Farewell, Kin. We hardly knew ye. Microsoft
Alas, the Kin's flop isn't really a surprise. Did anyone remember the original springtime ad campaign, where we were asked to follow Rosa Salazar on her cross-country trek to visit her 824 "friends" through Facebook, Twitter, and MySpace? Creeeeepy.
More than just a Microsoft-powered smartphone, the eclectically shaped Kin aimed to be a social networking tool. The software did offer some compelling sharing features, but it fell into the same trap as Microsoft's own Zune -- or Barnes & Noble's
In part, the Kin, Zune, and Nook are all duds because you need a large volume of fellow users in order to run into people that you want to share social media, music, and e-books with, respectively.
You can make the coolest Dixie cup in the planet, but if no one is at the other end of the string, it's just a pretty piece of nothing.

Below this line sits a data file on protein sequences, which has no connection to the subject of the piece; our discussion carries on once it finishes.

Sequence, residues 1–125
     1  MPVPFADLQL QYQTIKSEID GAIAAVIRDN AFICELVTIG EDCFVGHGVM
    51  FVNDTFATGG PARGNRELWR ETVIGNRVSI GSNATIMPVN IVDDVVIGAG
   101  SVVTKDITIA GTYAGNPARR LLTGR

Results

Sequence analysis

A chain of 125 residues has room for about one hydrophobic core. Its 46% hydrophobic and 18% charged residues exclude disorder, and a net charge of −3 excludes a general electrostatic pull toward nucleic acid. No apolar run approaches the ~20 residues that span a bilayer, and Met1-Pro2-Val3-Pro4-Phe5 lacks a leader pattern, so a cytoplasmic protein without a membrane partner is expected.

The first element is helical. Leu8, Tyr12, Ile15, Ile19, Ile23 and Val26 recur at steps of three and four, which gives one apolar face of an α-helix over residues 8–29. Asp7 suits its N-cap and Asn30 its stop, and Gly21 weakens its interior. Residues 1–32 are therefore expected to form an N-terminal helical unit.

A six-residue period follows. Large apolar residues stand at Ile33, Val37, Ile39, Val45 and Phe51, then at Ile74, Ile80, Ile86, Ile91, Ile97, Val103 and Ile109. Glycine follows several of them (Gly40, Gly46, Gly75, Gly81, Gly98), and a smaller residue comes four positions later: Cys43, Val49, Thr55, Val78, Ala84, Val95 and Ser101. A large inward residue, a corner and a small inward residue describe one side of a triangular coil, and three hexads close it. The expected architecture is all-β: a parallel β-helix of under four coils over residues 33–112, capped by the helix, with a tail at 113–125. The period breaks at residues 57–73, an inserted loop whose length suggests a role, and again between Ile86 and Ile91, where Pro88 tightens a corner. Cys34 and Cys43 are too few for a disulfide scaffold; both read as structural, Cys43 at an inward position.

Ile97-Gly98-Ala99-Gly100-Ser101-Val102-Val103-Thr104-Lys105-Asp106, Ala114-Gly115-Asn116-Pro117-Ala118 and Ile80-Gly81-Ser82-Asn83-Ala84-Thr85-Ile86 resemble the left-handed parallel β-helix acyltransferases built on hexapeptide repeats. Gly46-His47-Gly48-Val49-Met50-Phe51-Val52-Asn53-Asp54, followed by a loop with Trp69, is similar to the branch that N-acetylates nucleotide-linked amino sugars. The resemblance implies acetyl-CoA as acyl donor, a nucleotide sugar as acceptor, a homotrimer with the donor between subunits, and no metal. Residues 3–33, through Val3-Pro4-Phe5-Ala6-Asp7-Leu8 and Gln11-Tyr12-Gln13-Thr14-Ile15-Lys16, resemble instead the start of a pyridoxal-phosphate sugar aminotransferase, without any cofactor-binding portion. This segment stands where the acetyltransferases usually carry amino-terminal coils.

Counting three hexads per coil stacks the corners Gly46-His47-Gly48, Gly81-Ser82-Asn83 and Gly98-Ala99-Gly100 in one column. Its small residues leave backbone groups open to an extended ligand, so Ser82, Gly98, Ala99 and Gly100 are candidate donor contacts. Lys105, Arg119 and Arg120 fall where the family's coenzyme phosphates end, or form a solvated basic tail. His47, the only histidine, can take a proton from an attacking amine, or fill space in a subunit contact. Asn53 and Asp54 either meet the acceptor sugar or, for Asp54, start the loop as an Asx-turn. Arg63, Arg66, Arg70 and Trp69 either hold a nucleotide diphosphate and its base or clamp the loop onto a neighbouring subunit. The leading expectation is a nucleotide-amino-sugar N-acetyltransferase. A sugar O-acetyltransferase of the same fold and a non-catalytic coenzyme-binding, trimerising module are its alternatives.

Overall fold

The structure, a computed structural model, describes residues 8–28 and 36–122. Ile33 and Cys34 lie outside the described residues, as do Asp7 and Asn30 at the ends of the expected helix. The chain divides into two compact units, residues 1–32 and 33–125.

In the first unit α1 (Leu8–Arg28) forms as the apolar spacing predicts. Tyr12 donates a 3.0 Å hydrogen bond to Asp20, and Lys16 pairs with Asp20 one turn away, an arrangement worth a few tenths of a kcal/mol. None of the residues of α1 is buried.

If you don't know any of the 1.7 million Apple
So it's not a shock to see the Kin fail to generate any real buzz. That said, it's still a surprise to see Microsoft kill it off so quickly. The Zune has been meandering in iPod's long shadow for years, yet no one's taking it off life support. Why kill the Kin? Its swift death sends an ominous message to Microsoft's wireless partners, especially as Mr. Softy prepares to throw more of its weight behind its new Windows Phone mobile platform, in hopes of gaining ground against Apple, Research In Motion
Verizon Wireless -- a partnership between Verizon
Once again, Microsoft aimed its marketing campaign at jaded hipsters who know better. Once again, Microsoft is on the outside, looking in at another revolution that has moved on without it.
Why do you think the Kin failed? Share your thoughts in the comment box below.